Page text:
Allen Fahden:  People are different. 

Karla Nelson:  Exactly. And I think that’s the biggest challenge I have with this book, it really is made by provers for makers. And it really doesn’t pull in the team aspect of doing this because in business, I mean obviously in life nobody can say, “Oh this is what … or heck every, how many people have coaches that basically spend time with people so that they can see what their one to two year longterm visions are. Why? Because they’re not good at it. Like me, I’m a six month to a year person. That’s just where my focus is and it can never get done fast enough. Well, I don’t think that’s the same for a shaker, a prover and a maker, especially in a business situation. I just think that if you were in a room and you’re working through ideation implementation, then you should cover this stuff and it’s a different part of your team that’s going to naturally be able to write those goals or come up with needs to be done in a process, in a step-by-step checklist. 

Allen Fahden:  For example, if we use the who do model, then what we would probably do is get everybody’s bigger horizons three, four and five, life, longterm visions, one to two year goals handled by a who do method where you could immediately presence from the provers what could go wrong and then have the shakers come up with ideas to solve the problems so that everybody’s pretty well aligned with where they’re going. Now one of them is personal things that we could do. You can do that for everyone, but also as far as the team goals or as far as the company’s goals, then that would help ground horizon one and horizon two where it’s more current and day to day. Because then you’d at least be focused on where you need to go. And a who do method would get you there way faster because everybody’s going to disagree.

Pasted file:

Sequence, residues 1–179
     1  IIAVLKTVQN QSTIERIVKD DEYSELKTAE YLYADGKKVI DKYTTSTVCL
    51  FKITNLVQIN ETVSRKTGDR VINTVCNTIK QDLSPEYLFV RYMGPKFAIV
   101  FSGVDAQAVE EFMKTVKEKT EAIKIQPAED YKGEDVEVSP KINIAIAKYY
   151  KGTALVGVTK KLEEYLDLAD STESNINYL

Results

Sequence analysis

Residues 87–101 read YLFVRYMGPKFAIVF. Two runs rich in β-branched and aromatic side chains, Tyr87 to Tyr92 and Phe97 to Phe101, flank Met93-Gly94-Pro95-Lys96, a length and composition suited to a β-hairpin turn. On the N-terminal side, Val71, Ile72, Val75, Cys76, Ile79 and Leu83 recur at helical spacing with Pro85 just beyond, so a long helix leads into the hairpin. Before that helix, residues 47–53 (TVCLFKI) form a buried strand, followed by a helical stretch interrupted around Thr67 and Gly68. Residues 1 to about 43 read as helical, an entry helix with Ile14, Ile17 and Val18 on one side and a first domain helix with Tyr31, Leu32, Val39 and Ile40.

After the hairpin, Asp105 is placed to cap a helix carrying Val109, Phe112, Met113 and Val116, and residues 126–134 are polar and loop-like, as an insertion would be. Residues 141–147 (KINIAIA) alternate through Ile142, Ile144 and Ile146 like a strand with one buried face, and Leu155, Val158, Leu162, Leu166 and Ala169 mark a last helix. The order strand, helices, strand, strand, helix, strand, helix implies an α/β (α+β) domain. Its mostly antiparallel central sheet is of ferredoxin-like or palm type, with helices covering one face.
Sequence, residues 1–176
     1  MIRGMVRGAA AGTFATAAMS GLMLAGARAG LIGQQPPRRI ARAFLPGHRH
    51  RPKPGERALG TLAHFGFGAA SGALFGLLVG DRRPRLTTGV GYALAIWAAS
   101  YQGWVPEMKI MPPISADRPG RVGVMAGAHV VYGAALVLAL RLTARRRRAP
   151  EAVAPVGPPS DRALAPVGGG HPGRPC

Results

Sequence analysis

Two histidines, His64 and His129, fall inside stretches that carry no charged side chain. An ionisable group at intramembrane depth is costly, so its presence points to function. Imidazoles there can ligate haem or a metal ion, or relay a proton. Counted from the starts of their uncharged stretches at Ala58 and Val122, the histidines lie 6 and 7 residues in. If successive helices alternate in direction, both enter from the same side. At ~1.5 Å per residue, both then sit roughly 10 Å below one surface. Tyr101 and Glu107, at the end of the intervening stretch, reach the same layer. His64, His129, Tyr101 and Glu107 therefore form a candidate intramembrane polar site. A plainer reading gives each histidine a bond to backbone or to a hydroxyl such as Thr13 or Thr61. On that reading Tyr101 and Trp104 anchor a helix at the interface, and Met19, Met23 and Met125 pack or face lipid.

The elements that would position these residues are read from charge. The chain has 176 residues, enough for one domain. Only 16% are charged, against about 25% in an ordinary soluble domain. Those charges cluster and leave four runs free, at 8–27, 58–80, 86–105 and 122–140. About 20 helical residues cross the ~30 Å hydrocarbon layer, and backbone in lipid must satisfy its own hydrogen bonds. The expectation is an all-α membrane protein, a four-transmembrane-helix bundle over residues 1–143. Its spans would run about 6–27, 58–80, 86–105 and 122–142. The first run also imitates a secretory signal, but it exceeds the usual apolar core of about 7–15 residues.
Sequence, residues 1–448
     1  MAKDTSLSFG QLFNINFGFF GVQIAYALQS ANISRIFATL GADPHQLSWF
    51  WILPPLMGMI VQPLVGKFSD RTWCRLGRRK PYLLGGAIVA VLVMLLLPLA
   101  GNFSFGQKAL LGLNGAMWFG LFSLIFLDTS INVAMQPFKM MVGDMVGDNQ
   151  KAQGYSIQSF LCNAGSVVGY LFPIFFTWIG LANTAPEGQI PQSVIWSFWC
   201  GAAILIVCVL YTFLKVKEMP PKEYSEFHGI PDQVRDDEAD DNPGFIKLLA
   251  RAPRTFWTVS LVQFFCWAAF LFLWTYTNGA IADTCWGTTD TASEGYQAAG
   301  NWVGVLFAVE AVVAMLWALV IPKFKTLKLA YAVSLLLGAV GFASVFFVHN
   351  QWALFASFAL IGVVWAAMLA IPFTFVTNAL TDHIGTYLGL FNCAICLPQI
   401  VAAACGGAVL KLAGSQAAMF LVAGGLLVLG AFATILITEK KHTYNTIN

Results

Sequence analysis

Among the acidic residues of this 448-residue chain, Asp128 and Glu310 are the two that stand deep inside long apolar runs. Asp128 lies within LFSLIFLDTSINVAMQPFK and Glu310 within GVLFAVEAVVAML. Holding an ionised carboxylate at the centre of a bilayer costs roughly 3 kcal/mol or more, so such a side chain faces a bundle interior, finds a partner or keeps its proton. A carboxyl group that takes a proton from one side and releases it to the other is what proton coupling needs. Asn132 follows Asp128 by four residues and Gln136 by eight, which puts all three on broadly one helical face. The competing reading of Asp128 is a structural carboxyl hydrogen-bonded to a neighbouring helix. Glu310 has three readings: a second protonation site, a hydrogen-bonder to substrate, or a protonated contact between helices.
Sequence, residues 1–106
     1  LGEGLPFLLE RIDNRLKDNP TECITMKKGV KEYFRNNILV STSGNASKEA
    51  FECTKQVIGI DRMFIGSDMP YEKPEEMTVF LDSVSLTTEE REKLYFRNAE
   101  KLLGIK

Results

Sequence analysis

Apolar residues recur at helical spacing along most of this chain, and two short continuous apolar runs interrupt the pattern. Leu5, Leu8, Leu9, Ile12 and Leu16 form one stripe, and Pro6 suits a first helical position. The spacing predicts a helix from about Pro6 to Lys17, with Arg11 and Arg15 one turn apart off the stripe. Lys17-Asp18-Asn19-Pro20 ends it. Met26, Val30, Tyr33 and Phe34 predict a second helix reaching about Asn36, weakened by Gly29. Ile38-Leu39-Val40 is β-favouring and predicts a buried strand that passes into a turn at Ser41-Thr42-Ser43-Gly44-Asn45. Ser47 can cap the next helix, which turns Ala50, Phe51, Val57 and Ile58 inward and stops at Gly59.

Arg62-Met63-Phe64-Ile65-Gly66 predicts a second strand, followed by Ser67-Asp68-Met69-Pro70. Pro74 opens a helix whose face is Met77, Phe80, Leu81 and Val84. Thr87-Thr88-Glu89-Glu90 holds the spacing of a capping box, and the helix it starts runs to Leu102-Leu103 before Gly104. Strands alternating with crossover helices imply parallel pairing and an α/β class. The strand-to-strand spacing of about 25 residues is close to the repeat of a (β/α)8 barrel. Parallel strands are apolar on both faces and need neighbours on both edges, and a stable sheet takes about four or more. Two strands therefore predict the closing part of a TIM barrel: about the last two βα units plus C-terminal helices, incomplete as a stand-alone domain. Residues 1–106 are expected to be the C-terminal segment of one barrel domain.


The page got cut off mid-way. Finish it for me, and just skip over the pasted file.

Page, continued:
Karla Nelson:  Exactly. And what causes the stress for the maker? What is it? What needs to be done today and what is going to mess up my world? Verses a shaker is like, the longterm vision, we need to develop this and do this and this is where we’re going to go. And the dissonance between the two is significant. 

Allen Fahden:  Enormous. 

Karla Nelson:  So I think that that is one thing and if you didn’t have all pieces of the team from ground to horizon five, I think it’d be mediocre at best just because of people are different. We respond to each these levels differently. And I think it’s a misnomer to state that if you figure out your day, you’re going to be able to focus all the way on your life goals. I just don’t agree with the author on that. And the last thing I want to talk about here, Allen is the author Robert Allen talks about how he created the book, which again this is 2001, we’re 2019 now. And he did do a revision of the book. Is that, it was technology, agnostic or neutral and that was because software changes so much.